Korean Soju and Japanese Sake Are As Unique As They Are Tasty

What's the difference between Soju vs Sake? Among alcoholic beverages, Korean Soju might not be as well known as Japanese Sake. But Soju is a versatile spirit you can use in just about anything. It's not expensive, has a solid alcohol content, and can be found in most liquor stores or Asian food markets.

What is Soju?

The Korean spirit called Soju is traditionally distilled from rice, but you also can find Soju made from a blend of sweet potato, wheat, barley, or tapioca. Because it's pretty neutral in taste, many Americans refer to it as Korean vodka. Soju also has a smooth slight sweetness to it, making Soju an even greater choice to sip neat, in a shot, or in a soju cocktail.

Soju began filling glasses back in the 13th century when the Mongols brought death and destruction along with a new distilling technique to the Korean Peninsula during the Mongol invasions of Korea. Today, Soju is still the most popular alcoholic drink in Korea. It goes great with Korean food and with the higher alcohol content (between 16 and 45% ABV) you get quite a punch in your shot glass.

At certain times in history, Soju production wasn't always so easy. During the Japanese occupation in the early 1900s, Soju production was suppressed by the Japanese and people started drinking beer and sake instead.

In the years after the liberation of Korea from Japan and the Korean War years in the 1950s, Soju production was impacted from the rice shortage of the 1960s. Distilleries began to use alternative grains like sweet potatoes, wheat, barley, and tapioca as replacements. Only recently did the Korean government lift the ban on distilling rice.

How is Soju Made?


The word soju means "burned liquor," because the alcohol is distilled at a high temperature and almost burned.

Soju is traditionally made by distilling alcohol from fermented rice grains. The rice wine for distilled soju goes through about two weeks of fermentation. That fermented rice wine is then boiled in a cauldron called a sot. A soju gori (similar to a pot still with pipes coming out) is placed on top to finish the distillation process.

What Does Soju Taste Like?

Soju has a clean flavor that is a good match for spicy and fatty Korean foods like kimchi and Korean porkbelly BBQ. Soju is most commonly served as a shot in a slightly larger shot glass that's called a sojujan. Many people drink Soju as a drink called a somaek which is a mix of beer and soju.

Soju is also enjoyed with a meal and more recently as soju cocktails in the same way you'd use vodka, like a Soju & tonic or Soju martini. In Korean restaurants, you'll see mixed drinks listed on the menu that are more like milkshakes with yogurt and fruit juices.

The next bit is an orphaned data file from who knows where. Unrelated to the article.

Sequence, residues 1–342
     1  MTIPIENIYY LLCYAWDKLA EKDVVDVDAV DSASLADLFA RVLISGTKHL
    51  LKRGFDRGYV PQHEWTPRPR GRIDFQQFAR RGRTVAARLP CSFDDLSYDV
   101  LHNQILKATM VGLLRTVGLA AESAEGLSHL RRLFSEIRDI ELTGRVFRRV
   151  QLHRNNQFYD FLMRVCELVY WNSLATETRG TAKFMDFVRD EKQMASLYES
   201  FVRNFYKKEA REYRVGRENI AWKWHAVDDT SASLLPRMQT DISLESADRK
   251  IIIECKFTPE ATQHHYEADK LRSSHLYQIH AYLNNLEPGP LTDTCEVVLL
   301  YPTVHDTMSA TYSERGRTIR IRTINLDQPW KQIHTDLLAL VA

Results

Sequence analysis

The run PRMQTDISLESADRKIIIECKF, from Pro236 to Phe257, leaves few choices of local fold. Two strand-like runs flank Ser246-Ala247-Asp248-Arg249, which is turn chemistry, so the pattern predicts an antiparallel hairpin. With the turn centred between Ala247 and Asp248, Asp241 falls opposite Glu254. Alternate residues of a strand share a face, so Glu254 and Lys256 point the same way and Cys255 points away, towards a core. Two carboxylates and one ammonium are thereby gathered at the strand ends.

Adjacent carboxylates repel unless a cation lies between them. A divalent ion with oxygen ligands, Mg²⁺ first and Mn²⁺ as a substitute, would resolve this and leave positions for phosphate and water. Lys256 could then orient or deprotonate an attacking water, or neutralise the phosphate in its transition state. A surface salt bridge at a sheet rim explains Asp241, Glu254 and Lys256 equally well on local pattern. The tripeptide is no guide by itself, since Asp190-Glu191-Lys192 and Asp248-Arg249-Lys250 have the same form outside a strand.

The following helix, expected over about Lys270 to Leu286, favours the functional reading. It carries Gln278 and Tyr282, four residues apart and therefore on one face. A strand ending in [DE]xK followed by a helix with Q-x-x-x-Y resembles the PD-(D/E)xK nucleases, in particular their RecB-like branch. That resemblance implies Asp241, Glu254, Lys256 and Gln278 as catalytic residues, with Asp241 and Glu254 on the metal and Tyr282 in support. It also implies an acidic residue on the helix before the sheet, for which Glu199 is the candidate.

Just like flavored vodkas have exploded on the drink market, you can find flavored Sojus like peach, grapefruit, blueberry, grapefruit, grape, apple, and cherry. Cocktail recipes are endless!

Listen to this culture shocker: In South Korea, you can grab small bottles of Soju at most convenience stores for the equivalent of $1.50 each and walk out of the store drinking it!

How Is Sake Different From Soju?

Korean soju and Japanese sake are both made from rice, but Sake is more similar to beer since there is a brewing process when the fermenting rice grains are mixed with yeast. Soju is purely a distilled beverage. Sake is only made from rice and koji mold.

Soju is usually made from sweet potato and tapioca, although the traditional rice method is making a comeback. Conversely, sake is made predominantly from rice and koji mold.

Koji mold is used in China, Korea, and Japan as a culture to start the fermentation process in soybeans. The Koreans use it to make Korean rice wine, Soju, and soybean paste. In Japan, koji mold makes miso paste, soy sauce, and sake.

Sake has a softness to it and the flavors can range from fruity and floral to nutty and mushroomy. Sake has a lower alcohol content (between 12% and 18% alcohol by volume) than Soju.

With a similar sounding name to Korean Soju, Japanese Shochu is a lower alcohol Japanese distilled spirit made from barley, rice, or sweet potato.

How To Drink Sake

Good quality sake is served at a cool room temperature in Japan. That way the flavors really develop and aren't too cold to taste. Warm sake is usually how the cheaper quality sakes are served, because warming masks any harsh flavors.

You won't find sake bombs in Japan either. You know, when a shot glass of cheap sake is dropped into a mug of cheap beer. Only Americans are silly enough to drink sake like this.

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